In the name of cleaning up Kampala’s political institutions and public space, the Kampala Cap ital City Authority (KCCA), was established in 2010. To legitimize its contested and explicitly antipolitical authority, it made garbage collection and beautification its top priority, promising routine urban repair and mundane maintenance in exchange for suspending electoral democracy in Uganda’s capital city. This article argues the exceptional space of the repair site is paradigmatic of municipal power over the city overall.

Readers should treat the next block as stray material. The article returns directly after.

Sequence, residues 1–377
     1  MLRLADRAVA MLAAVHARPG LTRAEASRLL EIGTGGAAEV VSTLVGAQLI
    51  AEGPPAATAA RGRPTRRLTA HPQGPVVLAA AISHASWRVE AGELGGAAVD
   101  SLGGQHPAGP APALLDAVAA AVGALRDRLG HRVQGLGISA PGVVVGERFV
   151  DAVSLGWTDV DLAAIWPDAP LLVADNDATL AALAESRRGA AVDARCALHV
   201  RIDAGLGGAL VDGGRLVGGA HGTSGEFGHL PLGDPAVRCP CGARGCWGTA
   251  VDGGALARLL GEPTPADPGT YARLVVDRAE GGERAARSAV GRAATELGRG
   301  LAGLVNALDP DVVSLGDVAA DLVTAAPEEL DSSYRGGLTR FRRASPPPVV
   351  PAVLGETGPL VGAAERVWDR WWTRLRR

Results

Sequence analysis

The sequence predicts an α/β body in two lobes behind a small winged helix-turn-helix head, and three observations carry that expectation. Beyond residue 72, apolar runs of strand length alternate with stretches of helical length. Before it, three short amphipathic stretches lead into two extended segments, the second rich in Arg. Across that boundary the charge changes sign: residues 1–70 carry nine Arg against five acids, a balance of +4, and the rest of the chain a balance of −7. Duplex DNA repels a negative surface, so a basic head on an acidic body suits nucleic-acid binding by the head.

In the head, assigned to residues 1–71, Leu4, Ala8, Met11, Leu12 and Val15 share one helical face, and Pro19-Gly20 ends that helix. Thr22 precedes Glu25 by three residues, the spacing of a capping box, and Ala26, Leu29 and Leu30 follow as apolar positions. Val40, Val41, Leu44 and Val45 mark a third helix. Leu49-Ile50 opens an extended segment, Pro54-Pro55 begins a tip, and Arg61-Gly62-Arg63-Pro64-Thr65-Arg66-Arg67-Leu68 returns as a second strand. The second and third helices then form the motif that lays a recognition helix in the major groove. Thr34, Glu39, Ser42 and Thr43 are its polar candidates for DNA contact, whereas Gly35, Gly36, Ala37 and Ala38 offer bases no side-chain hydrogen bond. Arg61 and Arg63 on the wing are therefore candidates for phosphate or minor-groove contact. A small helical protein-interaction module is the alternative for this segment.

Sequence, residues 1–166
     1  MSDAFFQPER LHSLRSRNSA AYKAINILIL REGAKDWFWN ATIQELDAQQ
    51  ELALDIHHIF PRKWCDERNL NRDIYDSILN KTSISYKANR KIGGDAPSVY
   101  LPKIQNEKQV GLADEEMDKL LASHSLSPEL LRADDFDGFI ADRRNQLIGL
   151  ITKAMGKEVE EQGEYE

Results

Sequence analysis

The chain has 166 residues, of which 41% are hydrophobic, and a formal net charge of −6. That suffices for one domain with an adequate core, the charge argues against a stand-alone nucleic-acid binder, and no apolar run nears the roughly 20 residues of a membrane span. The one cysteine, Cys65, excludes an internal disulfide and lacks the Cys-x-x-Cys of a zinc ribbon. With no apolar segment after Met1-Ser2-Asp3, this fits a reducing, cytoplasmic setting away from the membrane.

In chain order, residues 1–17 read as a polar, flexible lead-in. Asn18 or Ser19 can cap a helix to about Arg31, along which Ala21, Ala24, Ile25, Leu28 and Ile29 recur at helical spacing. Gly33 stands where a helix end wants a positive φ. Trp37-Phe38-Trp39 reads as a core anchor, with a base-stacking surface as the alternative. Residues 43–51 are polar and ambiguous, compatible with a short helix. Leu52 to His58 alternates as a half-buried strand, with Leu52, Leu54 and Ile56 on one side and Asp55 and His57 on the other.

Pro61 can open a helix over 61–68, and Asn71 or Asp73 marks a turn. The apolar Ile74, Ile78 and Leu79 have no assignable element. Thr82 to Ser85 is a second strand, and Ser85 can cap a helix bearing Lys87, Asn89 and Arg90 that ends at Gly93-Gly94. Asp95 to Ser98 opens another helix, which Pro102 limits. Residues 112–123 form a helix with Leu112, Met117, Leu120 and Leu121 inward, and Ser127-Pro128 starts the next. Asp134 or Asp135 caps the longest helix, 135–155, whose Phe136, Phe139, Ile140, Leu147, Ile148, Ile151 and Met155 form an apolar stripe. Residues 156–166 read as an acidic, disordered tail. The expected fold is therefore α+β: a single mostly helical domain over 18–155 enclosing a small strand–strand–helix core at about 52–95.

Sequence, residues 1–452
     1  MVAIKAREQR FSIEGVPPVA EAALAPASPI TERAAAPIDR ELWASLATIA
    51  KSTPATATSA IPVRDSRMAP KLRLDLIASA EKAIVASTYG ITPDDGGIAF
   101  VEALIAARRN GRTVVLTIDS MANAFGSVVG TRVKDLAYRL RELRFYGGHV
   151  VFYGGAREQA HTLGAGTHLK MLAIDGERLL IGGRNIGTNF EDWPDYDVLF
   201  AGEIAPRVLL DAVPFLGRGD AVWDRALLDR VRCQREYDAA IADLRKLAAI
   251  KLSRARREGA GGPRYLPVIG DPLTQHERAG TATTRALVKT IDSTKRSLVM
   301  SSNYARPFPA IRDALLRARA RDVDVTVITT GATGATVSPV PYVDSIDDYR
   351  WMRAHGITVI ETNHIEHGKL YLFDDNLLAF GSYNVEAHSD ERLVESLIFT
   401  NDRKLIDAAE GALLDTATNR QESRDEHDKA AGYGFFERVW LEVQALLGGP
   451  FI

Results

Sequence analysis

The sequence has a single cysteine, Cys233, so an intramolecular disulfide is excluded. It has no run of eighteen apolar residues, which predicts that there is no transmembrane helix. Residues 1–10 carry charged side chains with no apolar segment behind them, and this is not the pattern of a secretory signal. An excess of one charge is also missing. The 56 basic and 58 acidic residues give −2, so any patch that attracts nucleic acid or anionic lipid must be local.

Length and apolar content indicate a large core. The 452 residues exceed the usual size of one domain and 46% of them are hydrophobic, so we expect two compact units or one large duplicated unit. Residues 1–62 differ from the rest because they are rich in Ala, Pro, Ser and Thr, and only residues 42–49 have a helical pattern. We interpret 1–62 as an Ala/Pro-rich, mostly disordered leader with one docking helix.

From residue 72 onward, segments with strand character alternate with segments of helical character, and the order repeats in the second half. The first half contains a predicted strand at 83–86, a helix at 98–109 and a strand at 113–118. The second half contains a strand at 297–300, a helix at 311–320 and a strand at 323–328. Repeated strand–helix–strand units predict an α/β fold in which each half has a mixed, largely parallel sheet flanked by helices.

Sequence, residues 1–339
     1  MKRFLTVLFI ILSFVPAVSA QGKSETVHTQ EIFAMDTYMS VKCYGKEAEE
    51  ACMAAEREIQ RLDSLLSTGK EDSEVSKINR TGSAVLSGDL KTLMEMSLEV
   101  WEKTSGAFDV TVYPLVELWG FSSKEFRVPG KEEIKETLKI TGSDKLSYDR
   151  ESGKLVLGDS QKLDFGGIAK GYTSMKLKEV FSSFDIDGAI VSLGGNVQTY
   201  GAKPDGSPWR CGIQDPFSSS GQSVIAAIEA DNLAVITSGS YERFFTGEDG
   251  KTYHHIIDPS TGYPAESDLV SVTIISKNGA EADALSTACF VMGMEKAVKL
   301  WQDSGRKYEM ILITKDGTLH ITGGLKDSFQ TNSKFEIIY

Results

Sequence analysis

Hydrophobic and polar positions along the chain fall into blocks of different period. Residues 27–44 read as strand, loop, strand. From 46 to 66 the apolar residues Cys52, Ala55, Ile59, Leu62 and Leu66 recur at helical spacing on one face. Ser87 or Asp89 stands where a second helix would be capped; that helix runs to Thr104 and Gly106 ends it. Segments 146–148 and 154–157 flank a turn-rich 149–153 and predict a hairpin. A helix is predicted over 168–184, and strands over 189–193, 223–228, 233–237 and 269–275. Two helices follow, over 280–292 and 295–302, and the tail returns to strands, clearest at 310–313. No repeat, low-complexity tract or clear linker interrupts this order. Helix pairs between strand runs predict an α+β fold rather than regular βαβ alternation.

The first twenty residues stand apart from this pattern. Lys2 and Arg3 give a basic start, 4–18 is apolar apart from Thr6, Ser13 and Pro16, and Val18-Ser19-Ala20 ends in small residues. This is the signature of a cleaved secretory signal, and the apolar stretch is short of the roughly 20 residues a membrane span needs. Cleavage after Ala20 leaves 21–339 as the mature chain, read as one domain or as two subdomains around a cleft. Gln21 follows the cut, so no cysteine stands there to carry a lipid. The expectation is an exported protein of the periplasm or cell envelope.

Based on ethnography of municipal waste management and the KCCA, it elaborates the concept of maintenance space to theorize how the entanglement of sovereign and governmental power produces the city as a particular kind of territory. Because the work of maintenance and repair is continuous and ongoing, maintenance space endures. Far from a short-lived inconvenience, its exception becomes the foundational norm of technocratic authority.